Furthermore, the support from other programmes of APWLD also taught me valuable life skills. For example, different types of facilitating method helped me decide suitable methods or a mix of methods using the feminist facilitating principles. Women in Power programme’s Womanifesto training gave me a different perspective of organising women to shape their society by influencing policies and law. The example of the achievement of women’s agenda in Malaysia encouraged me to have more faith in “collective power”.

In terms of professional skills, I improved in professional writing, project management, advocacy and campaigning. I also learnt policy analysing by observing how Programme Officers worked on releasing a statement on the Global Compact for Safe, Orderly and Regular Migration and a feminist statement challenging World Bank and International Monetary Fund’s ‘development’ model . I witnessed that our organisation’s operation and management was as a team that has a sisterhood approach rather than hierarchical management. Programme Officers got Free Prior and Informed Consent from the Organising Committee to proceed with programme management tasks.

In conclusion, it is difficult to understand the whole movement from a different perspective as it has various dimensions in Women’s Movement.  However, I overcame the challenge and absorbed the knowledge and skills I could contribute to the movement building. I attended the Annual Planning Meetings (APM) in 2018 and 2019. In the 2018 APM, I could not contribute to programme planning or organisation planning, instead, my brain was digesting all the information that I was hearing.  However, I could process the programme work better by the end of 2018 and actively participated during the 2019 APM. I recommend continuing this South-South Fellowship project as an open opportunity for young feminist activist from the region to learn collective movement building. However, I hope APWLD can provide twelve months for South-South Fellowship project because a six-month timeframe is a short period to properly understand APWLD’s work.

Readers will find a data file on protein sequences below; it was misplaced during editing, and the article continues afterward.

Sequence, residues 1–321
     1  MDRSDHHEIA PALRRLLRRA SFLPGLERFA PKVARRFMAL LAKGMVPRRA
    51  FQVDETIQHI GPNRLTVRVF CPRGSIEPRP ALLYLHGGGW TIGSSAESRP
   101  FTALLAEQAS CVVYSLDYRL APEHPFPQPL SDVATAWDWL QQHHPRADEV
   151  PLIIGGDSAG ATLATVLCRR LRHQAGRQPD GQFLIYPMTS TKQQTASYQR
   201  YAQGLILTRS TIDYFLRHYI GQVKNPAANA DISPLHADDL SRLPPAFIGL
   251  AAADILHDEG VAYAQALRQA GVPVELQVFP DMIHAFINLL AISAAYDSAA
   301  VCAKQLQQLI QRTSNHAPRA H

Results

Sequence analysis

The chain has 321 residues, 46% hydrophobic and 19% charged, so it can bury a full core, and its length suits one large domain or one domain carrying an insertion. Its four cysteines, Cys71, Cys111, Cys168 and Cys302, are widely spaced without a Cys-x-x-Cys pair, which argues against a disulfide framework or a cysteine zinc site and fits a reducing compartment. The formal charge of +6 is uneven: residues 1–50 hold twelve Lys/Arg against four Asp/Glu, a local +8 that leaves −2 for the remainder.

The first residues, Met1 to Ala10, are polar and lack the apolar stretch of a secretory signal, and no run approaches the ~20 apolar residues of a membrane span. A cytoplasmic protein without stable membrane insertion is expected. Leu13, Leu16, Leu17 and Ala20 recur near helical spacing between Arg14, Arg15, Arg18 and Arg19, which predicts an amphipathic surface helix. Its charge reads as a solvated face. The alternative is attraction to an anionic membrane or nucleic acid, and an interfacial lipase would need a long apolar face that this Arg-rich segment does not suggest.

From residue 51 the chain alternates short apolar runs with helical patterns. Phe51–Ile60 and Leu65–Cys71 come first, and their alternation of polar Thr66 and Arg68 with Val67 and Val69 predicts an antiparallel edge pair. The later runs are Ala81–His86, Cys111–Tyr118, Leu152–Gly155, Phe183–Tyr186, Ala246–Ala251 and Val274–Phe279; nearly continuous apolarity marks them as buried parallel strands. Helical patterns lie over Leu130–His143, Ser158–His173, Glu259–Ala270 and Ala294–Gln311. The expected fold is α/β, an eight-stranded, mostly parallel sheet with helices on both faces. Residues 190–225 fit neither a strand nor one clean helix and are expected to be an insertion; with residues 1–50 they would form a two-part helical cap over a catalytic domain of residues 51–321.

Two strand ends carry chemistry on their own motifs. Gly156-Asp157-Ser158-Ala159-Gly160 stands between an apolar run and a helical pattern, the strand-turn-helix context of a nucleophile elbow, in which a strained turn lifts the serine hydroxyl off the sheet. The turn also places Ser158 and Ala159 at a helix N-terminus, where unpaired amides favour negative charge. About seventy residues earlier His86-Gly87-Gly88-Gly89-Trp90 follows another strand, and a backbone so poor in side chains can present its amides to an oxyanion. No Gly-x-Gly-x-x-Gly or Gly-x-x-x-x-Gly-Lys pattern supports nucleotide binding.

Thanks to APWLD

I recalled myself at the start of the fellowship as a fresh graduate who did not have any concept of the discussion topics – Global Compact for Migration, Global Strike, Precarious work for women;  and was intimidated and inspired by experienced strong feminist activists at the Asia Pacific Feminist Forum. I evaluate the current me and I clearly understand about the root cause of all issues on human rights abuse and discrimination is based on GFMP (Globalisation, Fundamentalism, Militarism and Patriarchy) and believe the solution is Development Justice with the Five Shifts. Moreover, the implementation tools of organising were the priceless presents I got from APWLD. Thank you APWLD for giving me a chance for this experience and growth. It has shaped me to follow my passion and believe in the need to advance Women Human Rights together with fellow women. I am also grateful to have supportive, encouraging, experienced and brilliant sisters in APWLD. Especially Fai (L&M Programme Officer), she had not only been dedicated to mentoring and guiding me, but has also shared personal development skills. I appreciate the kindness, knowledge and skills that she passed to me. As I move on to the next chapter of my career, please know that APWLD and Fai have my sincerest gratitude for pushing me to be the best I can be.